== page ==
Do Excellent pizza at home without a wood-burning oven – or without a high-quality oven, for that matter – possible, as announced Latest version of Interactions, an educational series produced by the American Chemical Society (ACS). Presenter, chemist Samantha Sam Jones, is challenged to prepare it herself, as on her first attempt she gets something that compares to a “carton”. Then the young researcher decides to solve it according to her specialty: the scientific method.
The first difficulty for the novice chef was dough, she explains, so she decided to turn into a leading figure in the field: Peter Reinhart, professor of bakery at the California Culinary Academy and author of successes in the US such as American Pie: My Search for the Perfect Pizza. As the expert emphasized, The quality of the pizza will ultimately be determined by the result of the dough after baking.
“If you don’t like pizza, there’s probably a problem with the dough,” Reinhart explains. Sam’s first lesson: Forget cheese and tomatoes, which are transformed into secondary factors, Focus on kneading. The step shouldn’t be complicated, the professor explains, because it basically involves four ingredients: flour, water, salt, and yeast. What is the main challenge then? Try not to do it too quickly, and even less for now.
Reinhart insists that making pizza dough is a slow cooking process. Sam, who let it rise for 45 minutes at room temperature on his first try, is considering leaving it overnight in the fridge for a second time. It is his specialty, he explains what happens when you add water to the mix. Yeast consists of Single-celled fungi, millions of them per granule. It is in a dormant state, i.e. inactive, until it comes into contact with warm water.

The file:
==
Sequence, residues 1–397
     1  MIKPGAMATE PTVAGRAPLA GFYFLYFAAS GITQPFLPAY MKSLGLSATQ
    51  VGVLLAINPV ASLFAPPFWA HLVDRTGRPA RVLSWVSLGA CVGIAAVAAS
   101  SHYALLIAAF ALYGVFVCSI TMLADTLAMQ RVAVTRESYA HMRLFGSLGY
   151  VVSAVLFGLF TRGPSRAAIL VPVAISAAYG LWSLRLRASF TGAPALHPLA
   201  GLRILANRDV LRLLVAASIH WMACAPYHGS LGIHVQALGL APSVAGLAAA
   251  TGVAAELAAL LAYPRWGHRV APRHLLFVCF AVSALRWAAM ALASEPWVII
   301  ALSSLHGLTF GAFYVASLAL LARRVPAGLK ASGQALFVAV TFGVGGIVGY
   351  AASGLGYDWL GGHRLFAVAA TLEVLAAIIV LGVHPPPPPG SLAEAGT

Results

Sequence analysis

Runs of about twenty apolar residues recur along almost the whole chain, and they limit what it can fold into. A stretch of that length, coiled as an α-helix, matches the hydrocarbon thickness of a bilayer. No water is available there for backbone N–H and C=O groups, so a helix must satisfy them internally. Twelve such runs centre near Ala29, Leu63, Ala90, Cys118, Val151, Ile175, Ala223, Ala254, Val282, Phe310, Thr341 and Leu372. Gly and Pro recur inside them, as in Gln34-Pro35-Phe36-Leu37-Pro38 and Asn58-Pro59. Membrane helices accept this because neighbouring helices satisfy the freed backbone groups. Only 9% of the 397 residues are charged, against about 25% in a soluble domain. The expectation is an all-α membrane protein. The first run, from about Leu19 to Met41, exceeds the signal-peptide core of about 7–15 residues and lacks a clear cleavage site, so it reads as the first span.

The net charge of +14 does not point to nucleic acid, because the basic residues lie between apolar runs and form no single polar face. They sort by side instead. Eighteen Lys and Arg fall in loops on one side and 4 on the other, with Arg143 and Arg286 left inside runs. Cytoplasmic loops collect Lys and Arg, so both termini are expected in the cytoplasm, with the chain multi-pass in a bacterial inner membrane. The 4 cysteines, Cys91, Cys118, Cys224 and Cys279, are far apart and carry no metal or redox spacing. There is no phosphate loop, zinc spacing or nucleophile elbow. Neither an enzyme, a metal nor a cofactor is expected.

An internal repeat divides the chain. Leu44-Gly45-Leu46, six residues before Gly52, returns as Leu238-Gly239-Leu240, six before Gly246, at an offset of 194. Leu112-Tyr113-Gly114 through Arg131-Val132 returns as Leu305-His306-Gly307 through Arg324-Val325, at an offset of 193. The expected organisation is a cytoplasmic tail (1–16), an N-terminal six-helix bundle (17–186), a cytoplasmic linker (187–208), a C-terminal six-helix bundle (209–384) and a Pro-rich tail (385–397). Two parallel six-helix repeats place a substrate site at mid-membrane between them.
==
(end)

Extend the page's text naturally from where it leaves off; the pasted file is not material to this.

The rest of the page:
When you mix the ingredients, the yeast enzymes kick in Breaking down the starches in flour and turning them into sugars. Thus the enzyme amylase “makes” maltose, and the enzyme maltase – not to be confused – then makes glucose, a “very simple” molecule of maltose. Yeast metabolizes glucose and produces carbon dioxide and ethanol. It is this process that causes a beer-like smell during the fermentation of the dough, as it is still the same as that used to make it.
At the same time, the proteins in the flour – glutenin and gliadin – form hydrogen bonds when they come into contact with water, and are linked together by disulfide bonds. This whole process gives rise to gluten that “maniacs everyone” as Sam points out, hence the name “gluten-forming proteins.” Enhancing these chemical reactions to create more gluten is precisely why the mixture should be kneaded. This will give her more flexibility and will give a better result.
The Gluten also has an essential function: to capture the carbon dioxide produced by fermentation, which causes gas bubbles that allow the dough to rise.. If allowed to sit in the refrigerator overnight, all reactions can be completed in sufficient time to ensure the best results, especially when it comes to flavour. The trick of “feeding” the sugar yeast makes it grow faster, but the taste is damaged.
It’s time to cook: According to Reinhart, a homemade oven does not exceed 250 degrees Celsius — or 500 degrees Fahrenheit, as it would be measured in the United States. Pizza ovens operate at higher temperatures The maximum baking range will be optimal. Reinhart explains that the changes caused by heat must happen quickly before the moisture in the dough can evaporate completely. The first thing that disappears is ethanol, which allows carbon dioxide to escape.
At about 80°C, the starch goes through a process of ‘gelating’, which solidifies the dough while maintaining its elasticity if prepared properly. And at about 130 degrees Celsius, the sugars and amino acids in the dough will undergo a “Maillard reaction”, which causes different degrees of “toast” for raw materials in the kitchen. In about nine minutes, your pizza will be ready“Much better,” Sam said, savoring the results of his second try.
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